Navajo County is in the process of capturing an equitable assessment of our community’s health needs. To assist us in the development of a cohesive, county wide Community Health Improvement Plan (CHIP), we have partnered with many agencies, organizations and community members, within and outside of the health care industry. Our goal is to accurately reflect the health needs and gaps in the communities we serve and this includes Tribal Lands.
Navajo county consists of 50 percent White (alone), 46 percent Native American, 2 percent two or more races, 1 percent Black, while the remainder consist of Asian, Native Hawaiian and Other Pacific Islander. 11 percent considers themselves to be of Hispanic/Latino ethnicity. 66 percent of the county’s land is shared Indian reservation land with the Navajo, Hopi, and White Mountain Apache tribes. In regard to the social and cultural context, it seems as though trust and tensions between Caucasians and Native Americans is an ongoing phenomenon, perhaps as a result of historical trauma as well as current issues. We have very limited access to health data specific to our tribal communities. If we are truly going to have a cohesive Community Health Assessment (CHA), we must include the tribal population. This will strengthen our Community Health Improvement Plan and develop priorities and strategies inclusive of our tribal communities.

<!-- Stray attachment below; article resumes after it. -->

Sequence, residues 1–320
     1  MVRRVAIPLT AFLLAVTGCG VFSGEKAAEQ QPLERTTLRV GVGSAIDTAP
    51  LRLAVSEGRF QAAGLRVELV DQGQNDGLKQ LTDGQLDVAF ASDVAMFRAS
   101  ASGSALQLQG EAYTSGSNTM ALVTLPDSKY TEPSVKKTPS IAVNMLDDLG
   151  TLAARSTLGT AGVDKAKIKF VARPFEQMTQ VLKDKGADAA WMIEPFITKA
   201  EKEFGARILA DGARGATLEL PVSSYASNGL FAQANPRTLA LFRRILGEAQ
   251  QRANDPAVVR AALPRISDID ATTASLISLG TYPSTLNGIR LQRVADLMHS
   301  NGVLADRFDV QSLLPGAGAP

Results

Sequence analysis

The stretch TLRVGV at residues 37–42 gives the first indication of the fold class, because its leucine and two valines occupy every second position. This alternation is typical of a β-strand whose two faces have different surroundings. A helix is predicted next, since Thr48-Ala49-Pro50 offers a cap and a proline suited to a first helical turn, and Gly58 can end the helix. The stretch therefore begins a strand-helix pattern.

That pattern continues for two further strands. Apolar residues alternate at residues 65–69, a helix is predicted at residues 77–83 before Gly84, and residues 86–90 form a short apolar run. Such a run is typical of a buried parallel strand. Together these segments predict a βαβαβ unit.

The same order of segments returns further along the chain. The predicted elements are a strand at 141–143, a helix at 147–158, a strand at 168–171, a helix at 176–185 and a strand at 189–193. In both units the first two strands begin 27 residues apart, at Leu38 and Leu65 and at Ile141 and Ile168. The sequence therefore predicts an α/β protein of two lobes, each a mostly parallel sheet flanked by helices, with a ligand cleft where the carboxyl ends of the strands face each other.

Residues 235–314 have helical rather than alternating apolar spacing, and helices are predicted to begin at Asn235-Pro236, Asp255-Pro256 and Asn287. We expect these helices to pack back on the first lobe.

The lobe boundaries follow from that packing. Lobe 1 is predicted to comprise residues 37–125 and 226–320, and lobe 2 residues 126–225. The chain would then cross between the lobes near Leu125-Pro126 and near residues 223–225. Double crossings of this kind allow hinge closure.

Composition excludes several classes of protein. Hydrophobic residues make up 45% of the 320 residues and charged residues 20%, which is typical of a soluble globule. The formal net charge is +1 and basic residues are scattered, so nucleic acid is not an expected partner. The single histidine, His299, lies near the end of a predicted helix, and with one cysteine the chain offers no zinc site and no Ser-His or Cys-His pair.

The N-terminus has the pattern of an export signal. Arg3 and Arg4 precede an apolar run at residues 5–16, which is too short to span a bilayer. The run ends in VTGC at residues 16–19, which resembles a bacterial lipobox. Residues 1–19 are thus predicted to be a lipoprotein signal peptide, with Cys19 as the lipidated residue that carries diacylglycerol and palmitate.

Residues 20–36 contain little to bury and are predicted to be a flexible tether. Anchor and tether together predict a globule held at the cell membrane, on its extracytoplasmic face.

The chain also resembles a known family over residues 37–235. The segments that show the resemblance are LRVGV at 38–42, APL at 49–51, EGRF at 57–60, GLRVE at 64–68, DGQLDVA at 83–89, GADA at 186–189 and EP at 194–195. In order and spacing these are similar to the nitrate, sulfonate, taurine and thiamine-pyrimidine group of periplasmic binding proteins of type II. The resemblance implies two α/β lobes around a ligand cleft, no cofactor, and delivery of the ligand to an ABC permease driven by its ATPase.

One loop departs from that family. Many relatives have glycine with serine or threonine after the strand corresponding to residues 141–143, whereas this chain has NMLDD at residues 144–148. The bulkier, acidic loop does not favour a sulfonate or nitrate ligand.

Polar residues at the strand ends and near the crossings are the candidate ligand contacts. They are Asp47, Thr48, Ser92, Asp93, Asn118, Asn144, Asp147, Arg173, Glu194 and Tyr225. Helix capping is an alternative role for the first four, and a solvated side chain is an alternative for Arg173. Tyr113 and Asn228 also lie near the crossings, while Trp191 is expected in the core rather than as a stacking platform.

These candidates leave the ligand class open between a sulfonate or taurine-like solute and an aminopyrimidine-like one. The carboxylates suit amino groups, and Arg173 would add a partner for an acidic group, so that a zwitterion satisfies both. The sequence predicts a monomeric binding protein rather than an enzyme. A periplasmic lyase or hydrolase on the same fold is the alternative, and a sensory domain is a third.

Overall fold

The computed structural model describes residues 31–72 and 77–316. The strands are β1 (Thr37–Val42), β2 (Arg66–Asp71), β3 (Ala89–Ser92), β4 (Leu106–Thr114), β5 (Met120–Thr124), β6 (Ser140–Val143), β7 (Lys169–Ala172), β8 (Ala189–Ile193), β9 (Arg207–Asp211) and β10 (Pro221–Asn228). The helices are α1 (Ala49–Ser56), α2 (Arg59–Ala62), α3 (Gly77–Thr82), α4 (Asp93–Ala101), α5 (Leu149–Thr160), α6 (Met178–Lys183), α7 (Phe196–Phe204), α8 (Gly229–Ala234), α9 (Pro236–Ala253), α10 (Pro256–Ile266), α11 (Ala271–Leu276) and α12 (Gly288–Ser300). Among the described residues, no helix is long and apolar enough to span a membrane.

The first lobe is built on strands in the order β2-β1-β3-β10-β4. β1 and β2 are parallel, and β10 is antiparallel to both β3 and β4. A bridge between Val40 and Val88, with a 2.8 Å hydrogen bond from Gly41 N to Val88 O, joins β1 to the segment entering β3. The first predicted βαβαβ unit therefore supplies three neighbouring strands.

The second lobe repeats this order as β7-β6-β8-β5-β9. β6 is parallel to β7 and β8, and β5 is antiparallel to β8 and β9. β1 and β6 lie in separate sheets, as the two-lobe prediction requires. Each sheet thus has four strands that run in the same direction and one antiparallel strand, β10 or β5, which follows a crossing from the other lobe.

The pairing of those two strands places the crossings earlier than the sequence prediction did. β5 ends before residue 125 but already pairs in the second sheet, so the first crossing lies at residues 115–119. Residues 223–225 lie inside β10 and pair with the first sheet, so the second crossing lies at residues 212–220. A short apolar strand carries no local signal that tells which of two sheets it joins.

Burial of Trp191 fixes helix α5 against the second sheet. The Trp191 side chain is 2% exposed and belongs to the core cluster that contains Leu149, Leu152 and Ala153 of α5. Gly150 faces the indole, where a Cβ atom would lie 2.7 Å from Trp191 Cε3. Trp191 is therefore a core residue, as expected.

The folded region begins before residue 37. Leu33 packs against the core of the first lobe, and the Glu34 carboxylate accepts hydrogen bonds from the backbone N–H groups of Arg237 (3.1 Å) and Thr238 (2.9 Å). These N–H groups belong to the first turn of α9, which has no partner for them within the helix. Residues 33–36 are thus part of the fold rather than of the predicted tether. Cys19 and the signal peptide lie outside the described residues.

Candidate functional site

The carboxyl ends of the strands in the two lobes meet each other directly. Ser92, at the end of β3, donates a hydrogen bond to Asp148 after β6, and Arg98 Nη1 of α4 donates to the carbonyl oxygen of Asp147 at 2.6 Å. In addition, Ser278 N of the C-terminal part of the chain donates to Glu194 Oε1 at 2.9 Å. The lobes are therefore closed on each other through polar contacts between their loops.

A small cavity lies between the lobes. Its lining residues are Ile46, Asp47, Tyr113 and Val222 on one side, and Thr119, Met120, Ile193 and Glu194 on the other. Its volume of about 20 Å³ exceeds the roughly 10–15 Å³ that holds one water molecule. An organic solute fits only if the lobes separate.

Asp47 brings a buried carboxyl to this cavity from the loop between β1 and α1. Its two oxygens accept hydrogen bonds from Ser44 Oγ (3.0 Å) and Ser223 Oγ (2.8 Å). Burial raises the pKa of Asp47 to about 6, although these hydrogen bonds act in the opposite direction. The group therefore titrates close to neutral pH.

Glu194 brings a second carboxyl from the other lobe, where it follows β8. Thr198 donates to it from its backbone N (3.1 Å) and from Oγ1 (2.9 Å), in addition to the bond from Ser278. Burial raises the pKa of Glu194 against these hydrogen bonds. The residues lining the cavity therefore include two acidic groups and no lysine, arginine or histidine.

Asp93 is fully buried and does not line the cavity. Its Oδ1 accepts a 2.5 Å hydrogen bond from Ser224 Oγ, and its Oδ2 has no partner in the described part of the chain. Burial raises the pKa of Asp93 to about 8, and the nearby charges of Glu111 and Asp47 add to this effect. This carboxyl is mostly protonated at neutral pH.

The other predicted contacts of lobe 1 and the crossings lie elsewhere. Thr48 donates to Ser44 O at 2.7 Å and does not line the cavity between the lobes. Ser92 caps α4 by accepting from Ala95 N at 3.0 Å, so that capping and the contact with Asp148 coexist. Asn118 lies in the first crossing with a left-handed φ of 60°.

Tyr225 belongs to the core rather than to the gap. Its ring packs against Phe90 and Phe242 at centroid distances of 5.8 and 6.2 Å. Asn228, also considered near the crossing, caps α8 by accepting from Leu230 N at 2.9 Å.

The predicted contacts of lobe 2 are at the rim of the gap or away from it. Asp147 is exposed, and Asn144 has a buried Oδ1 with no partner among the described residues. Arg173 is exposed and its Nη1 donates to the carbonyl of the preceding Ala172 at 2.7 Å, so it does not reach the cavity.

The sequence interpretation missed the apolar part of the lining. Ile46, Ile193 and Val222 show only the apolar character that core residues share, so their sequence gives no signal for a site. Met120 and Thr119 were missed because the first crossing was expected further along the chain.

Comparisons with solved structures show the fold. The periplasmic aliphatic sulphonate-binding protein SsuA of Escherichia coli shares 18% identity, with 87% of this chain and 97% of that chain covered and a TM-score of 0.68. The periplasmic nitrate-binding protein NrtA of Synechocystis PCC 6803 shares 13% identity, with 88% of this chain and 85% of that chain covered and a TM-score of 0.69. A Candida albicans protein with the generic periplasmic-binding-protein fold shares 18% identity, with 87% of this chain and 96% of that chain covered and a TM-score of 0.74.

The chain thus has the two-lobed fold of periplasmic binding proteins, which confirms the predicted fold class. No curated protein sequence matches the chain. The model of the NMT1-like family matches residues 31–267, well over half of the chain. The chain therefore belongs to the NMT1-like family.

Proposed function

Navajo County Public Health Services District is currently working on developing and obtaining a resolution for the collection of tribal data to assess the Social Determinants of Health (SDOH) of Tribal communities on the reservation. This data will be shared with the Tribal council and included in our Community Health Assessment (CHA) data update in 2020. This data will also allow us to build in priorities and strategies in our Community Health Improvement Plan (CHIP) that are specific to our tribal populations, and allow us to partner in address the SDOH issues.
We are currently in the process and will update this as we meet our objectives.